The State Board of Education approved health textbooks for Texas (search) high school and middle school students on Friday, after publishers changed the wording in some of the approved textbooks to reflect marriage as being between a man and a woman.
A day earlier, some board members had said the books attempted to nullify Texas' law banning the recognition of same-sex civil unions (search) because the books used terms like "married partners" but do not define marriage as an institution between a man and a woman.
One of the publishers changed its text to include a definition of marriage as a "lifelong union between a husband and a wife."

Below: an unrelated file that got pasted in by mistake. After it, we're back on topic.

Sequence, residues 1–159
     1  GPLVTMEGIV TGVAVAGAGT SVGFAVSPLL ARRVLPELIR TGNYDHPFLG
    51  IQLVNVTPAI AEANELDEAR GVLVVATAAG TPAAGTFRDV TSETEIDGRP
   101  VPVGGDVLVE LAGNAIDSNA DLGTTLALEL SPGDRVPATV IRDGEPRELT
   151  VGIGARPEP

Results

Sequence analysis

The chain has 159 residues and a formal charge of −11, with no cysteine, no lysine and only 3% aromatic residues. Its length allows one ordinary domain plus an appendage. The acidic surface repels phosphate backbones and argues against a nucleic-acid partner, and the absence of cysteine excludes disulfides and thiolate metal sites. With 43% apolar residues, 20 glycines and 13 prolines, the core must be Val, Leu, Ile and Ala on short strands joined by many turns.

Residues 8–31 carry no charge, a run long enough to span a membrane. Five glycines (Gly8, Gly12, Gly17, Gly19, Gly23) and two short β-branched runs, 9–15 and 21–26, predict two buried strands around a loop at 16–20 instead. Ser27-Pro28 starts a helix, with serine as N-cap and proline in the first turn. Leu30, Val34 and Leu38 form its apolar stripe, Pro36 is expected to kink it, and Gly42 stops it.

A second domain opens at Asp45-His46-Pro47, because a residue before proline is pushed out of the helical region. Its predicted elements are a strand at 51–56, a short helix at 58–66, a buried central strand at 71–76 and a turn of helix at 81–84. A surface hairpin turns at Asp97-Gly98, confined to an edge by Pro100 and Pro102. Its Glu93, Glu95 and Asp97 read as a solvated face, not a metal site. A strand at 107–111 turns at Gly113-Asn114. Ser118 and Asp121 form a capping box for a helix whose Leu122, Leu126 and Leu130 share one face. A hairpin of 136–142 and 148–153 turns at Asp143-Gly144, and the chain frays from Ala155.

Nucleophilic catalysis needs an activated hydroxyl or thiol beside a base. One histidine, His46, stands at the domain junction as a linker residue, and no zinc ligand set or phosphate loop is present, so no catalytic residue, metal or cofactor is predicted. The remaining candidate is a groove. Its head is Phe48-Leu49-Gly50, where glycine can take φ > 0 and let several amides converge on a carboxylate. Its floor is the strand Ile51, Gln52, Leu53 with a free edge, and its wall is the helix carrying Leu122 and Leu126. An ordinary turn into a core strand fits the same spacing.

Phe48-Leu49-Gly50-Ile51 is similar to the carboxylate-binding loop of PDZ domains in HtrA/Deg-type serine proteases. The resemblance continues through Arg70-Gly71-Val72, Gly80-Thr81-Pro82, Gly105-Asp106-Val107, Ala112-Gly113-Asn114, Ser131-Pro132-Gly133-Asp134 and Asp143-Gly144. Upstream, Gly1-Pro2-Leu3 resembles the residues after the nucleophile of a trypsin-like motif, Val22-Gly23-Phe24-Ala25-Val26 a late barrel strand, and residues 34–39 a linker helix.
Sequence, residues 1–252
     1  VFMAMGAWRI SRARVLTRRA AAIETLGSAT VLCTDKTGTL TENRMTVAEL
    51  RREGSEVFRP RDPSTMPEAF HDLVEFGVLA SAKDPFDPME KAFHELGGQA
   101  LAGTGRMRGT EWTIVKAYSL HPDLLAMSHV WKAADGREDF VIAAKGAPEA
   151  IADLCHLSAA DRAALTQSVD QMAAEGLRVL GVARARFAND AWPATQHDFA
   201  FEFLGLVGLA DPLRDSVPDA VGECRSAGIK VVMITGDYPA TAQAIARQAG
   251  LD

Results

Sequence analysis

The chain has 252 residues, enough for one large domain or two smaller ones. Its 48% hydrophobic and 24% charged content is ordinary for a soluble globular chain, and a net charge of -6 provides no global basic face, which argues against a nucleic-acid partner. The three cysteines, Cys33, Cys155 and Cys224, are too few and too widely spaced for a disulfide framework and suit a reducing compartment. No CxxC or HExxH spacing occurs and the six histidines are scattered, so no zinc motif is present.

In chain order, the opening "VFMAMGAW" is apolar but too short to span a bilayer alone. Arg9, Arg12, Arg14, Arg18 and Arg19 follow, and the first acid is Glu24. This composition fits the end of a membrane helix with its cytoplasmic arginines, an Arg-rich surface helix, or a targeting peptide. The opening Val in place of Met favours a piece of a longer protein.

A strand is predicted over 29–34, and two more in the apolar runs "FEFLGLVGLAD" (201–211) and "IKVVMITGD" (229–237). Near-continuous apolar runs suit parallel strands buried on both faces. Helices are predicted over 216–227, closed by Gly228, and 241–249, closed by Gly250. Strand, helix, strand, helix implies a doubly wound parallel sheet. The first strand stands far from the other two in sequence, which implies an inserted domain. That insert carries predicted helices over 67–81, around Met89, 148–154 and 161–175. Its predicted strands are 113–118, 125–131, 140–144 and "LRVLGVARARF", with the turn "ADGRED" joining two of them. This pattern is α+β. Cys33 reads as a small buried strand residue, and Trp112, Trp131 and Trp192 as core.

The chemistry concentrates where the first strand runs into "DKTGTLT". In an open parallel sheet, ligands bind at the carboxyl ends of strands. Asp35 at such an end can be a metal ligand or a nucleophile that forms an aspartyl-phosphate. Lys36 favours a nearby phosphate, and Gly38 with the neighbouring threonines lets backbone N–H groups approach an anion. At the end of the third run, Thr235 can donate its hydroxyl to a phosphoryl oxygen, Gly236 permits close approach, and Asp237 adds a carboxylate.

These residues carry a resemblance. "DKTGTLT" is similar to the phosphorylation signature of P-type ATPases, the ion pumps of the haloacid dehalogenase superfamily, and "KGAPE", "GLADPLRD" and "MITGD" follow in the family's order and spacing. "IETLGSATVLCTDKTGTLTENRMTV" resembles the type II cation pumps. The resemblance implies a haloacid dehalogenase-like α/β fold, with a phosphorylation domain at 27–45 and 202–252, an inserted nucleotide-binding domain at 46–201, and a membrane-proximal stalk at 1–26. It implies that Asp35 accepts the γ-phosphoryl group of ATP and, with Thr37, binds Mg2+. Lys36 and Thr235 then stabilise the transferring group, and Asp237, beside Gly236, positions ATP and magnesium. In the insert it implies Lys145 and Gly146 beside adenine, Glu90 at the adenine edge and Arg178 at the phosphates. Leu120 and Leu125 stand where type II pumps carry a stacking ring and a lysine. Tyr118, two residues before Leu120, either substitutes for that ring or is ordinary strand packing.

Board member Mary Helen Berlanga (search) asked the panel to approve the books without the changes.
"We're not supposed to make changes at somebody's whim," Berlanga said. "It's a political agenda, and we're not here to follow a political agenda."
The decision could affect dozens of states because books sold in Texas, the nation's second-largest textbook buyer, often are marketed elsewhere.
The elected board, which includes 10 Republicans and five Democrats, is allowed to reject books only because of factual errors or failure to follow state-mandated curriculum.